Legal Update – The Effects of Increased Corporate Transparency on Startups

by | Feb 20, 2023 | Legal Update, News

Upcoming changes to federal regulations will create significant additional reporting requirements for businesses formed in or registered to do business in the United States. The Corporate Transparency Act (CTA), passed in January 2021 as part of the National Defense Authorization Act of 2021 (NDA), will require certain companies to report their Beneficial Ownership information to the Financial Crimes Enforcement Network (FinCEN). The regulations will not go into effect until January 1, 2024, but since the penalties for non-compliance can be steep. Owners of companies should confirm whether the constitute a Reporting Company to which the CTA applies and the Beneficial Ownership information that must be reported under the CTA.


The stated purpose of the CTA is to curtail the use of shell companies to move and shelter illegal funds in the United States. For more than a decade, Congress has made efforts to implement a corporate reporting framework that can identify illegal activity that commonly evades detection by using shell companies, e.g., money laundering and terrorist or criminal funding. Prior to the NDA, financial institutions bore the responsibility of gathering information about corporate entities. With the arrival of the CTA, this responsibility will shift to reporting companies and severe penalties may be imposed for willful non-compliance and unauthorized disclosures.

Who is required to report Beneficial Ownership information?

The CTA requires a “Reporting Company” to report Beneficial Ownership information to FinCEN. The CTA broadly defines a “Reporting Company” as any corporation, limited liability company, or similar entity that is (1) created by filing a formation document with a secretary of state or similar office; or (2) formed under the law of a foreign country and registered to do business in the United States. There are a handful of exceptions to this definition, including public companies; non-foreign-owned shell companies; and financial institutions (such as banks, credit unions, brokers, dealers, and exchange and clearing agencies), but most smaller LLCs and Corporations will be considered reporting companies that must comply with the CTA.

What is required to be reported and when?

A Reporting Company must send FinCEN a report containing the following information for each Beneficial Owner of the Reporting Company: (1) full legal name, (2) date of birth, (3) current residential or business street address, and (4) unique identifying number from an acceptable identification document or FinCEN identifier, if available. A “Beneficial Owner” is an individual who, directly or indirectly, (1) exercises substantial control over the entity, or (2) owns or controls 25% or more of the ownership interests of the entity. A Beneficial Owner does not include a minor child if the information of the child’s parent or guardian is reported; an individual acting as a nominee, intermediary, custodian or agent on behalf of another individual; an individual acting solely as an employee of the entity and whose control over or economic benefits from such entity is derived solely from the employment status of the person; an individual whose only interest in the entity is through a right of inheritance; or a creditor of the entity, unless the creditor exercises substantial control over the entity or owns or controls 25% or more of the ownership interests of the entity.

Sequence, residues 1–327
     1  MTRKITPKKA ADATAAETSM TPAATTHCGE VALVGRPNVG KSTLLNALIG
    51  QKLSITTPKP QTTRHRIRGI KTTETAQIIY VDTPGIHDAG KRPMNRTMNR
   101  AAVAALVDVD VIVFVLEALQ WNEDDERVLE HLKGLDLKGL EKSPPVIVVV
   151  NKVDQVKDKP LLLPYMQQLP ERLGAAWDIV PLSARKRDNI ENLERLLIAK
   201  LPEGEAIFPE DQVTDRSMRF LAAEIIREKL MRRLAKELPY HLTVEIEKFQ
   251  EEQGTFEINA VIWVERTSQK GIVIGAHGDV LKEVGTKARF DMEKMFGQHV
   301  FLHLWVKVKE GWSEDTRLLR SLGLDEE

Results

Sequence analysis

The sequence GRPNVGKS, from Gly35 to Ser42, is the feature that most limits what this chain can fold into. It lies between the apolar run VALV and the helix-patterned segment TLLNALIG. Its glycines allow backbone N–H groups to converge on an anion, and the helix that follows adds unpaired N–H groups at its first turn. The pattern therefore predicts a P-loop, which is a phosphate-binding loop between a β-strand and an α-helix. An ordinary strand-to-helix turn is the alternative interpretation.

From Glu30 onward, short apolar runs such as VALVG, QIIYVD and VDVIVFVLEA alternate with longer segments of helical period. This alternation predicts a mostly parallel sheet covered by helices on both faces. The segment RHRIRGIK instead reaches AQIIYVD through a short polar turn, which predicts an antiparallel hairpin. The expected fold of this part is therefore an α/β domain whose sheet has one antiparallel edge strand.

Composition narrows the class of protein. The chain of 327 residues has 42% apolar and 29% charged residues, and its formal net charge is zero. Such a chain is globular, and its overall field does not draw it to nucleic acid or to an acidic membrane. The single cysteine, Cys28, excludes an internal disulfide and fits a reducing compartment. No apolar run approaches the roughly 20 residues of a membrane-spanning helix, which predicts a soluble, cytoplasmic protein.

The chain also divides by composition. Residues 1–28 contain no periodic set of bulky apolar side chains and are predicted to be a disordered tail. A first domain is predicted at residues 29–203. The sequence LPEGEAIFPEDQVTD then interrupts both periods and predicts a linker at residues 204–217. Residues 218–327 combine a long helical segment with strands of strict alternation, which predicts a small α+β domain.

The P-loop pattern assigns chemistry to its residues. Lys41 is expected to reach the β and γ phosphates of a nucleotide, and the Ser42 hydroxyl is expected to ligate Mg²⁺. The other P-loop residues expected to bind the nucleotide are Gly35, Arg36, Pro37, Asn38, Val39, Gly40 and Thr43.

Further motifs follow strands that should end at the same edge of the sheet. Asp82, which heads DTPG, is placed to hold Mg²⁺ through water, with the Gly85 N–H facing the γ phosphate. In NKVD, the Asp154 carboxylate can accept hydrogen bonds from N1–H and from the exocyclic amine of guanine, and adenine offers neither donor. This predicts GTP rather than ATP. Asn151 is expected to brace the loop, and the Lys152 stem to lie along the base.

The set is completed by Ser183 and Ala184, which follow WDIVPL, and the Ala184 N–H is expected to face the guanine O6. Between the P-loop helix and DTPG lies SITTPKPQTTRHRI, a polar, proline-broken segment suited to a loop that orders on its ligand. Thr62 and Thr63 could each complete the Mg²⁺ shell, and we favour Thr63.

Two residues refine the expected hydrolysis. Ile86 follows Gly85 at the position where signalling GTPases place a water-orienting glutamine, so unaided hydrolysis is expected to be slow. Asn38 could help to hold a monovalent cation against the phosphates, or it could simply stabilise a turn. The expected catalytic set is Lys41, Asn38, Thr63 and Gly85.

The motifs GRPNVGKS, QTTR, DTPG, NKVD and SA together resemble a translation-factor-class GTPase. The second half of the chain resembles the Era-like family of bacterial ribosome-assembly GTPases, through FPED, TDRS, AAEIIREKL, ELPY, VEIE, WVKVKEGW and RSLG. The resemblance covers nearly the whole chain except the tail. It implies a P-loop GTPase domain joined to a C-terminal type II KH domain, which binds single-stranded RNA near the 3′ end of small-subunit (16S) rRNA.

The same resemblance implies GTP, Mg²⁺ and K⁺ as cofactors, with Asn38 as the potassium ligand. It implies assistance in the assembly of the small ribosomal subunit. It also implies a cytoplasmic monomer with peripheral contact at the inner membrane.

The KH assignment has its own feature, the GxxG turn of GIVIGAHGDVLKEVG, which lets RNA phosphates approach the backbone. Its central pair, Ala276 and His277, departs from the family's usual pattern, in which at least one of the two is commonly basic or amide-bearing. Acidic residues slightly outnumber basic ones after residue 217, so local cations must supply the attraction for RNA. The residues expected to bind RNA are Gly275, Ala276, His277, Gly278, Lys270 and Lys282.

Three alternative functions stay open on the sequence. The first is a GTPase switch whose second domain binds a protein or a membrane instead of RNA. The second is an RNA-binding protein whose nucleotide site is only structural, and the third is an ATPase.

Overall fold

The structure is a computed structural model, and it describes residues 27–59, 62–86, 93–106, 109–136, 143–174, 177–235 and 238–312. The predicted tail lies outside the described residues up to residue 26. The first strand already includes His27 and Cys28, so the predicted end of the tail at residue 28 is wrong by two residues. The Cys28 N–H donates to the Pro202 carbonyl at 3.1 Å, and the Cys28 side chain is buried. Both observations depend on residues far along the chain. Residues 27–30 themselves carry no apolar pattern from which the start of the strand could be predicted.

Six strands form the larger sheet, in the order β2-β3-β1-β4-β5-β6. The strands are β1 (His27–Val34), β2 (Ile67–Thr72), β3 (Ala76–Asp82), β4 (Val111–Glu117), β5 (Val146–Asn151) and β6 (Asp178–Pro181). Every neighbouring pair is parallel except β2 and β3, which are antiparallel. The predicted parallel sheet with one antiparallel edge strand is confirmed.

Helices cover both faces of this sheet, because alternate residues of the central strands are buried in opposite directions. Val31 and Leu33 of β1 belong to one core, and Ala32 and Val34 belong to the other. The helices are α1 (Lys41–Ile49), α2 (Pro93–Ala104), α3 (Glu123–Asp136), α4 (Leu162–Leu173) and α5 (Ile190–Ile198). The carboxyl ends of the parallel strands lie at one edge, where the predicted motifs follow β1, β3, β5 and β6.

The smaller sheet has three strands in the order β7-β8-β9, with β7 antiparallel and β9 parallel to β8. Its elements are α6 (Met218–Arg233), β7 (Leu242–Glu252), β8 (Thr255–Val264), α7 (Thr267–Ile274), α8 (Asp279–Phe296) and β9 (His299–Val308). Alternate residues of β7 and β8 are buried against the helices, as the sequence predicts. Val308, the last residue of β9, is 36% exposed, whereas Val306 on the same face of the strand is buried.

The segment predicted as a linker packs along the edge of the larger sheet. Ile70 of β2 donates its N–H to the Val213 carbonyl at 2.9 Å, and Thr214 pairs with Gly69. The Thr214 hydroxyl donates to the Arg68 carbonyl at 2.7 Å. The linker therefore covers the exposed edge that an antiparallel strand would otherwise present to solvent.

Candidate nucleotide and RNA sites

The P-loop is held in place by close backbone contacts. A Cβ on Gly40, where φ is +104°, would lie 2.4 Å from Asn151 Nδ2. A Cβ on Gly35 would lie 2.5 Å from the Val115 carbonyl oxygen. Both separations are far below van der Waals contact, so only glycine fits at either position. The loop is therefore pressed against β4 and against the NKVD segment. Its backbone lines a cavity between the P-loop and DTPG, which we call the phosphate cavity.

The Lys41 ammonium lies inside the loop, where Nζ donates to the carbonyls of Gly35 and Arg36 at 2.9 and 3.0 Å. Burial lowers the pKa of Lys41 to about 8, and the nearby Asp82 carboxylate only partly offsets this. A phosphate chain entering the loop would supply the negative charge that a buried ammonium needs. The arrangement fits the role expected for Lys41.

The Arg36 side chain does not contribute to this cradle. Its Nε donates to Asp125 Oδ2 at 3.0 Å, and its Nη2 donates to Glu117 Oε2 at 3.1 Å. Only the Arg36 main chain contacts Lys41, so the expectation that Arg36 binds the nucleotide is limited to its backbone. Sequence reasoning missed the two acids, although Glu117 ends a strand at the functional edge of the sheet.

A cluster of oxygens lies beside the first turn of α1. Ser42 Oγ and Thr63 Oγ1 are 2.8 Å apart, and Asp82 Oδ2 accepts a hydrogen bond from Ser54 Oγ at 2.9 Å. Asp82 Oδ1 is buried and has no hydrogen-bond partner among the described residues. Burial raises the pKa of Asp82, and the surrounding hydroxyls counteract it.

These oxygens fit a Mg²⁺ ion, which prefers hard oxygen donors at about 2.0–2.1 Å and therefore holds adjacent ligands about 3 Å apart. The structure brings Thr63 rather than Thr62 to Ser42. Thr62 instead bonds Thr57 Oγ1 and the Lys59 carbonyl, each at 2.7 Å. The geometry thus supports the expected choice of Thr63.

How soon a Reporting Company must comply with the CTA depends on whether it was formed prior to or after the CTA’s effective date of January 1, 2024. If an entity is formed before the effective date, it will have one year to send its Beneficial Ownership reports to FinCEN. If an entity is formed after the effective date, it must comply with the CTA upon formation. If any reported information changes, a Reporting Company has 30 days after the date of the change to submit an updated report to FinCEN. A willful reporting violation will subject an entity to a monetary penalty of up to $500 per day, not to exceed $10,000 in total, for every day the violation continues, and up to two years in prison

What happens to Beneficial Ownership information after it is sent to FinCEN?

According to the CTA, FinCEN will maintain all Beneficial Ownership information in a secure and confidential national registry for at least five years after the termination of a Reporting Company. The secretary of the Treasury must implement security protection for all Beneficial Ownership information reported to FinCEN. Beneficial Ownership information may only be released after adhering to specific protocols to the following entities: federal agencies working in national security, intelligence, or law enforcement; state, local, or tribal law enforcement agencies upon court order; federal agencies on behalf of a foreign agency, prosecutor, or judge under international treaty or agreement; financial institutions with consent of the Reporting Company, and federal functional regulators. Any agency that violates disclosure protocols will be subject to criminal and civil penalties.


All companies should review the definition of “Reporting Company” and “Beneficial Owner” and their related exceptions to determine whether the reporting requirements of the CTA will apply to them. Federal and state agencies will have greater access to certain corporate information and can share that information with international agencies if they deem it is necessary to assist in the prevention of criminal financing. There will likely be some interpretative questions about the scope of exceptions to the reporting obligations, so companies should take notice of the implementing regulations.

If you have any questions about whether the CTA applies to your company or who in your company is considered a Beneficial Owner, please contact one of our attorneys.